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Melancholia (2011)

R | | Drama | 26 May 2011 (Denmark)
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Two sisters find their already strained relationship challenged as a mysterious new planet threatens to collide with Earth.

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1,979 ( 152)
34 wins & 89 nominations. See more awards »
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Cast

Cast overview, first billed only:
...
...
...
...
Tim
Cameron Spurr ...
Leo
...
...
Little Father
...
...
...
...
James Cagnard ...
Michael's Father
Deborah Fronko ...
Michael's Mother
Charlotta Miller ...
Betty 1
Claire Miller ...
Betty 2
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Storyline

On the night of her wedding, Justine is struggling to be happy even though it should be the happiest day of her life. It was an extravagant wedding paid for by her sister and brother-in-law who are trying to keep the bride and all the guests in line. Meanwhile, Melancholia, a blue planet, is hurtling towards the Earth. Claire, Justine's sister, is struggling to maintain composure with fear of the impending disaster. Written by napierslogs

Plot Summary | Plot Synopsis

Taglines:

Enjoy it while it lasts See more »

Genres:

Drama

Motion Picture Rating (MPAA)

Rated R for some graphic nudity,sexual content and language | See all certifications »

Parents Guide:

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Details

Official Sites:

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Language:

Release Date:

26 May 2011 (Denmark)  »

Also Known As:

Melancolía  »

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Box Office

Budget:

$7,400,000 (estimated)

Opening Weekend:

DKK 958,848 (Denmark), 29 May 2011, Limited Release

Opening Weekend USA:

$257,174, 13 November 2011, Limited Release

Gross USA:

$3,029,870, 26 February 2012
See more on IMDbPro »

Company Credits

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Technical Specs

Runtime:

|

Sound Mix:

Color:

Aspect Ratio:

2.35 : 1
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Did You Know?

Trivia

Justine's text about the loneliness and evilness of the Earth, about to be destroyed, refers to Genesis 6:13. If Justine is right, this may explain the scientific implausibilities of Melancholia's movement towards Earth. See more »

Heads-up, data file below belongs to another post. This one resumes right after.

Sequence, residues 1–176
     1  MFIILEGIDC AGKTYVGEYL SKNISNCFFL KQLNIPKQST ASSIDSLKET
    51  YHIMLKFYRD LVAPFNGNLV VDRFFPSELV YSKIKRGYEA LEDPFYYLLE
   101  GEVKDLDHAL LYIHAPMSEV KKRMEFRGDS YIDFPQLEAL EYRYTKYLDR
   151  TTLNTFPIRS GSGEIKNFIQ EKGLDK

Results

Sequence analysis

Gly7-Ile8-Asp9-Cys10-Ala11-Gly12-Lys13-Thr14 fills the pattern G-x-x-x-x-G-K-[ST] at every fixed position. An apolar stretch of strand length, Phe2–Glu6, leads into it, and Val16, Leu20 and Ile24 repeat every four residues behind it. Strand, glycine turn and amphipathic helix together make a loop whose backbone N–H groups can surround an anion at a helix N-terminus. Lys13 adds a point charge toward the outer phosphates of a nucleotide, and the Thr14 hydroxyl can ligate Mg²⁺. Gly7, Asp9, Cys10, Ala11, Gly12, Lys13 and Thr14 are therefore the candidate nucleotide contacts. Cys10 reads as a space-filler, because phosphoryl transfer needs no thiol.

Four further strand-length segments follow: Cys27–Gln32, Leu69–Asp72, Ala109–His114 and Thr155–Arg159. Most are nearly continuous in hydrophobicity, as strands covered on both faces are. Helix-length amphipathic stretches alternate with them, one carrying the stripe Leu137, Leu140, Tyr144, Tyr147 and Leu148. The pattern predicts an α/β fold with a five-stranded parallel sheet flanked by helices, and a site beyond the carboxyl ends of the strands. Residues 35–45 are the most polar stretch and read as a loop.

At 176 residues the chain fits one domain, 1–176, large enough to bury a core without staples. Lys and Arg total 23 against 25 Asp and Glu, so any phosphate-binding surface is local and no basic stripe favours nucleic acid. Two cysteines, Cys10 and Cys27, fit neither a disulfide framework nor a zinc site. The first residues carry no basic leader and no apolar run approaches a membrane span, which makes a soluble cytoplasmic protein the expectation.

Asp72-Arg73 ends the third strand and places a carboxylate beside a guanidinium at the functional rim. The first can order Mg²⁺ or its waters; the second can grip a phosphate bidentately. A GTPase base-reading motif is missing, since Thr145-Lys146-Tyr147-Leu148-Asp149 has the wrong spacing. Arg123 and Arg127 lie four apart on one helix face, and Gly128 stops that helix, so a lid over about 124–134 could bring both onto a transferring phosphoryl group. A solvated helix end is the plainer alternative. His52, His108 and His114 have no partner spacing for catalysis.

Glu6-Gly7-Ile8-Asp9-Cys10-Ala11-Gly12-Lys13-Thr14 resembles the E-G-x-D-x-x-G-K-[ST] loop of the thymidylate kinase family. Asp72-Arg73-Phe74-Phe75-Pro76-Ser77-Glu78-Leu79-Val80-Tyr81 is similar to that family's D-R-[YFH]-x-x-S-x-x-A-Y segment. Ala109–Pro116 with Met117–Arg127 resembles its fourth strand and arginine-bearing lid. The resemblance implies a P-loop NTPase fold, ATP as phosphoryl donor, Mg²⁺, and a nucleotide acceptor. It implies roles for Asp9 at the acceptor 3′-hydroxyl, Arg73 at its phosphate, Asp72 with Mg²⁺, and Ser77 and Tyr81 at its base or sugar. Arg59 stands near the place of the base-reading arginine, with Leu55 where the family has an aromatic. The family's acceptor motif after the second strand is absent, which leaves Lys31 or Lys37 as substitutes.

Goofs

When Claire is putting Justine in the bed, Justine is placed in the bed asleep facing away from the door. In the next shot she is facing the door. Then away from the door, and again back to the door. She is asleep the entire time. See more »

Quotes

[first lines]
Michael: Sir. Eh...
[looking backward]
Michael: Yeah, you're good. You can back up a little more, if you want. I think you need the... I think you need that extra...
Justine: [laughing] I don't think he can hear you.
Michael: Sir. Sir, can you hear me up there?
[fiddling with controls]
Michael: Do you copy, sailor? He's in a different county, I think that's...
Justine: [laughing]
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Connections

Featured in Ebert Presents: At the Movies: Episode #2.17 (2011) See more »

Soundtracks

Excerpts from Tristan und Isolde
Music: Richard Wagner
Orchestra: The City of Prague Philharmonic Orchestra (as The City of Prague Philharmonic Orchestra)
Conductor: Richard Hein
Recorder: Jan Holzner
Solo cello: Henrik Dam Thomsen
Arrangements by Kristian Eidnes Andersen
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Frequently Asked Questions

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User Reviews

 
Welcome to his world.

Lars Von Trier's latest film MELANCHOLIA got the media attention it needed when Von Trier, in Cannes doing a press conference, stated that he sympathized with Hitler. Now sure, one can look at this as a smart way of marketing one's own film, or one can start wondering what kind of guy Von Trier has become. As a filmmaker he's certainly interesting, and certainly self-indulging, and as a child of the late Bergman, he loves dwelling upon women in a somewhat sad state of mind. MELANCHOLIA is a dark film that doesn't have the explicitness of his controversial ANTICHRIST, but brings in just the same dark undercurrents of human beings who's lost their touch with love, compassion, faith and hope, and so we find them in the land of Trier where things will become increasingly intense and frightful. The story is told in two parts; in the first we find the deeply depressed Kirsten Dunst on her wedding day, which shot and felt much like Vinterberg's Dogme-film 'Festen', and part two interests Dunst's sister Charlotte Gainsbourg more into the story along with her husband and son, as staying at a beautiful mansion in the countryside sees the enormous planet Melancholia headed for Earth, fearing for all of humanity to end. One can certainly see this film with two different kind of goggles; Melancholia IS a planet that's headed for Earth, and it's doomsday - or, one can see the heavy symbolism of Melancholia as a state of mind, swallowing the family with its meaninglessness. Director Von Trier keeps most questions open, and by using some absolutely mesmerizing camera-work the film beholds a interesting quality and sensibility. Few if any other popular directors anno 2011 creates stuff the way Von Trier does, and the immense climax accompanied by Wagner music is sole alone worth the watch. I guess Von Trier makes personal films, and he claims himself to be the best living director in the world, and he wants a green card into everyone's lives and with MELANCHOLIA he again sows some disturbing and heavy-handed seeds - and if anything, he makes your mind wobble. Must see.


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